It happens. You work out and you get sore muscles. Or tight muscles. Or muscle cramps. You stretch, but nothing doing. What to do?
1. & 2. Try PNF & Dynamic Stretching. If you tried doing static stretching, which is what most people do, and it didn't do much, try doing PNF stretching. Essentially, you are contracting the opposite muscle to the one you are stretching, which oddly relaxes the one you want stretched even more. Lots of great vids on YouTube to show you how. Secondly, consider adding in dynamic stretching as a warm-up before your cardio workouts. Dynamic stretching is NOT static stretching, which is passive and which is where you are holding a stretch (like in yoga). In dynamic stretching, you don't hold a position, you continually move your body to ensure proper range of motion. Good examples: arm circles and leg swings.
3. Get a Massage. Nothing like unwinding and releasing stress with massage. While a Swedish massage is nice and relaxing, go for a deep tissue to help get out those knots.
4. Get to Foam Rolling. Foam rolling helps to release tension in the fascia, which is connective tissue overlaying the muscle. It's a cheap alternative to getting a massage and you can pick one up form big box stores and online for under $30. Rolling over the tight area you'll feel that sensitivity, so go easy and use a lighter pressure initially. Here's a How-to Foam Roll for Muscles of the Legs. Yes, it does works.
5. & 6. Try Gua Sha or Moxa.
These are treatments used in acupuncture/acupressure. Gua sha is better known simply as scraping and it's where a spoon or other object is commonly scraped along your back and neck. It's excellent for releasing back and neck tension and increasing circulation. Don't worry about the marks left; they fade in a few days and aren't painful. Moxa looks like a fat incense stick and is placed closed to certain points on the body. Since it's a heat source, it can help to release muscular tension, especially useful for sciatica and lower back pain.
7. Cupping. Cupping is another Chinese medicine technique that you can do with or without acupuncture/acupressure. In fact, you can buy the cups on your own and DIY, or get a friend to help you. These silicone cups create a suction effect on your skin and are great for releasing shoulder, back and neck tension (think traps, scalenes, sternocleidomastoid, and lats), and are akin to getting a deep tissue massage. Like with gua sha, the marks will fade in a few days and aren't painful. Cupping can be used on other body parts, FYI, such as a deep tissue massage for the quads and calves. Also nice for the pecs as well.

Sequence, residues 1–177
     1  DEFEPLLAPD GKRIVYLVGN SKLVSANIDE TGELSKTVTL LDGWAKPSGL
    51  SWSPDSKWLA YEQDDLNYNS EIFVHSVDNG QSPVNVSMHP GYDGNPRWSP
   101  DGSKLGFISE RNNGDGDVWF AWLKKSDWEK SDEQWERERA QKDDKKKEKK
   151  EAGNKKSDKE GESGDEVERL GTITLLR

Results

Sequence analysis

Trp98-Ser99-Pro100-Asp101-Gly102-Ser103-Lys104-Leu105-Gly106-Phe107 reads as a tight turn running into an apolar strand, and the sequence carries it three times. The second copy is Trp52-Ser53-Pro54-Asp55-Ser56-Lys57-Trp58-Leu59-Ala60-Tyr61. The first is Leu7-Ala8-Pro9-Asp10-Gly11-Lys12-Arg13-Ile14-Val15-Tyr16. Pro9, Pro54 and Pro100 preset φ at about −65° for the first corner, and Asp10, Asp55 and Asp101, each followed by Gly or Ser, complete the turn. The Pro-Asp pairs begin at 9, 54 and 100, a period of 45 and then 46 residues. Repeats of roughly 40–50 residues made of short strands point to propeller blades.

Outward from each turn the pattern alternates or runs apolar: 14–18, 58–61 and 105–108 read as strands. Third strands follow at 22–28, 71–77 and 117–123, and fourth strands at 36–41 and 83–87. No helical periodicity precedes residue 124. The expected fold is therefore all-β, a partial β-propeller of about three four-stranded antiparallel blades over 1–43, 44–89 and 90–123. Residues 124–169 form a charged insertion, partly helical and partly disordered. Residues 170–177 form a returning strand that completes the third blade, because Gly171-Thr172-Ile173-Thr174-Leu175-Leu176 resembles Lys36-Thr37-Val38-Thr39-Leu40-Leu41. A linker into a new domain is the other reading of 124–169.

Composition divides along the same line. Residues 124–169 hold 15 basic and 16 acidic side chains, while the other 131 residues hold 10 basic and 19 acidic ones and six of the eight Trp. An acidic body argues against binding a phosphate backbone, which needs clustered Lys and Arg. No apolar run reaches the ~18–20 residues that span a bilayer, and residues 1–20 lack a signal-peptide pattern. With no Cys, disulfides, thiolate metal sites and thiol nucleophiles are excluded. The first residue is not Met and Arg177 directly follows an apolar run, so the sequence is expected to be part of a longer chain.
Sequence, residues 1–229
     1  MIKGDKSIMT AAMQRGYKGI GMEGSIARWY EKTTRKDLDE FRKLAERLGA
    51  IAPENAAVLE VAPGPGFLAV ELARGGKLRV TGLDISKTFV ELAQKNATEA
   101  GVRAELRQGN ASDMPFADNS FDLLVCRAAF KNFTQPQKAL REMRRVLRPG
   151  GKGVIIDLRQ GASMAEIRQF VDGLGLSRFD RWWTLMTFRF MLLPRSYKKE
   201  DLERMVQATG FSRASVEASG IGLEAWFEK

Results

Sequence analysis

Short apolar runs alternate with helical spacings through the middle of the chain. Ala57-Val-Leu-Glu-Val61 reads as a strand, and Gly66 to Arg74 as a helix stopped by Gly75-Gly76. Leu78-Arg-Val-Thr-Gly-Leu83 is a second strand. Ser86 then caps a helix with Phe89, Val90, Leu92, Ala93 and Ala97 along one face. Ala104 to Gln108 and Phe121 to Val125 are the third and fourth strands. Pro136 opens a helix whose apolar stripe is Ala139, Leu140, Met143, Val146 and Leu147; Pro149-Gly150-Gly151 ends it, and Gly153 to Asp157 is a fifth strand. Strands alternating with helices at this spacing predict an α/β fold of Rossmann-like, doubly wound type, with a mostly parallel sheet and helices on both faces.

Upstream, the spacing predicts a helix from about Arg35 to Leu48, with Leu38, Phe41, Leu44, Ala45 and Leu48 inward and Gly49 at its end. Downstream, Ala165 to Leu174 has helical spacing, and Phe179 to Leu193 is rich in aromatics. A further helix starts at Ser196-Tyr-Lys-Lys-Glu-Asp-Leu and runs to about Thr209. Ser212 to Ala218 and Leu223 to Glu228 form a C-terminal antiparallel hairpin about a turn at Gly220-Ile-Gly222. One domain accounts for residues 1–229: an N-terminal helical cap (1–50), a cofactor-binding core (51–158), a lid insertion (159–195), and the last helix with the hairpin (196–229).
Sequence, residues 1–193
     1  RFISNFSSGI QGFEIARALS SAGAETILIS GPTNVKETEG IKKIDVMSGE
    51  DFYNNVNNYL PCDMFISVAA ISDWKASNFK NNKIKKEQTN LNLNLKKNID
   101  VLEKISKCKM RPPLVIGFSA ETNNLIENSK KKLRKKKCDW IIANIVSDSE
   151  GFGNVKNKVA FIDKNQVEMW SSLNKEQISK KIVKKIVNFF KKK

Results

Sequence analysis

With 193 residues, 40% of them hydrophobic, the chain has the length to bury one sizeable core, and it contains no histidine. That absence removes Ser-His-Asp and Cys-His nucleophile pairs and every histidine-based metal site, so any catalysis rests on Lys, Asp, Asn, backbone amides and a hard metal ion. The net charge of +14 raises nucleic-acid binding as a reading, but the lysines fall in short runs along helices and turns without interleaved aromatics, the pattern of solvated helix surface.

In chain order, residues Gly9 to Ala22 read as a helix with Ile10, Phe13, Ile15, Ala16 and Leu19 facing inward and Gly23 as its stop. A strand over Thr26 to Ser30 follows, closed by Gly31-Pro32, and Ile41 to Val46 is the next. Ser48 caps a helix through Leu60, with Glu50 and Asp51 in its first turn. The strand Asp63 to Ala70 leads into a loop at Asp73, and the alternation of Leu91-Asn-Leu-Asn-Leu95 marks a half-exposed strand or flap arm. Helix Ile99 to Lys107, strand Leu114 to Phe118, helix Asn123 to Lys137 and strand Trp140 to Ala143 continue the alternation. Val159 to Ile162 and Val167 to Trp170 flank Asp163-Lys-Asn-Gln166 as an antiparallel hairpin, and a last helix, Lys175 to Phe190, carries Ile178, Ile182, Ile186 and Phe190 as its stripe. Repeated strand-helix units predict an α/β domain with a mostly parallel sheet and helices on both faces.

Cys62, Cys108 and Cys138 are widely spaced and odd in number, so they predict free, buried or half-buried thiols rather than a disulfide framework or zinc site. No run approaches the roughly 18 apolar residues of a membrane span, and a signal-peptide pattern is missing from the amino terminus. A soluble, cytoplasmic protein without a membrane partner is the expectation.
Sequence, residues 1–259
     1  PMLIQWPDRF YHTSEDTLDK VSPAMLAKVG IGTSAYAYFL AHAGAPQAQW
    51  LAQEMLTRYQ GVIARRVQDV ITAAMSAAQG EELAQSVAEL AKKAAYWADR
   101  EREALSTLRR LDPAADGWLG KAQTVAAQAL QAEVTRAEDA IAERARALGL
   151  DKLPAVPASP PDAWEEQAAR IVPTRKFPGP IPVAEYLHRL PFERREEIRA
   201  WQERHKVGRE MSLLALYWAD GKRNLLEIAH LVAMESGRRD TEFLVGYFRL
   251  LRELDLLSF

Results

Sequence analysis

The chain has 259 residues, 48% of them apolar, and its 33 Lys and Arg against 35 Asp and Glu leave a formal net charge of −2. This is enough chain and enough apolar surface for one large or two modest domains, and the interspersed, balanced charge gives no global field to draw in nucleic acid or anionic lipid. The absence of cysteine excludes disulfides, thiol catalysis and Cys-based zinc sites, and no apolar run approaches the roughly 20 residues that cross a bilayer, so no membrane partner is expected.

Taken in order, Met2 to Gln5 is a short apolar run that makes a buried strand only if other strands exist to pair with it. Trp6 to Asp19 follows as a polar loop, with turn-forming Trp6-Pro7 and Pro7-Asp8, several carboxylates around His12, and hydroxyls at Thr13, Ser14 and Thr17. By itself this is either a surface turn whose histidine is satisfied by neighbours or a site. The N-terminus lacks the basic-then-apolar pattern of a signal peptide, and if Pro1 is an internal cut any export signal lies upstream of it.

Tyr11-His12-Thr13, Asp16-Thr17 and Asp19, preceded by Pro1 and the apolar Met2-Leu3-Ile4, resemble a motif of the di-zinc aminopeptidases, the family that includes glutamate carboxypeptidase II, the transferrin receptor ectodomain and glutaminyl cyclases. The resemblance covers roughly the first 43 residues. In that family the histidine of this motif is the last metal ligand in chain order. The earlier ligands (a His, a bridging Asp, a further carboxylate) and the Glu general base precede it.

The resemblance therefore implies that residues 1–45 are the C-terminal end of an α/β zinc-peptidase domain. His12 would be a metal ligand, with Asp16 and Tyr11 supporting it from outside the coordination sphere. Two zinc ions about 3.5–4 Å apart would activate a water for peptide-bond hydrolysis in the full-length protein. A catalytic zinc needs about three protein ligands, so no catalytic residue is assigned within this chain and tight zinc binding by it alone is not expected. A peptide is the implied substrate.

8. & 9. St John's Wort & Comfrey Oil. Both of these oils are tools you definitely want to have in your arsenal. They are great for sprains, strains, bruises and muscular tension. Comfrey is excellent to help heal broken bones while St John's Wort excels in repairing nerve damage. You might want to take Comfrey internally as an infusion for further healing. You can buy the seeds for either plant and grow them yourselves, then infuse the top 1/3rd of the flowering plant in oil.
To Do: chop the plant with scissors into small pieces and place in a mason jar, slightly packed. Pour olive oil to cover, ensuring all the herb is submerged under the oil. Cap and let sit for 6 weeks. Use a sieve lined with a coffee filter to strain out the oil. Store the oil in a dark bottle in a cool location. Apply liberally and massage into the area.
You can also buy these oils online, although making it yourself is much cheaper!
10. & 11. Magnesium & B12. This might be an obvious one (or not), but muscular tension can sometimes be attributed to a lack of magnesium in the diet. Get in a good quality supplement (often paired with calcium in a 1:1 ratio) and take before bedtime (also helps with sleep). Good sources of magnesium include chocolate or dark cacao (go for bitter 70% +), grains, dark leafy greens, pumpkin seeds, avocados, bananas and dried figs. Oh, and soaking in magnesium-rich epsom salt bath is a great way to un-wind and get in some "me" time :)
If you happen to be a vegan for a while and haven't been taking any B12 supplement, your muscle cramping might be due to a deficiency. Make sure you get regular blood tests to check your levels. B12 sublingual is a cheap supplement that can easily be purchased from most health food stores or online.
12. Combination Therapy. You can obviously pair a few of these tips and tricks together. For example, you can try dynamic stretching pre-workout, then do foam rolling after a workout, get in a relaxing epsom salt bath, and take a capsule of magnesium at bedtime.
And did I mention that Rest, by the way, is another good option? :)
To pain-free days ahead,
Originally Written 2017. Revised 2020.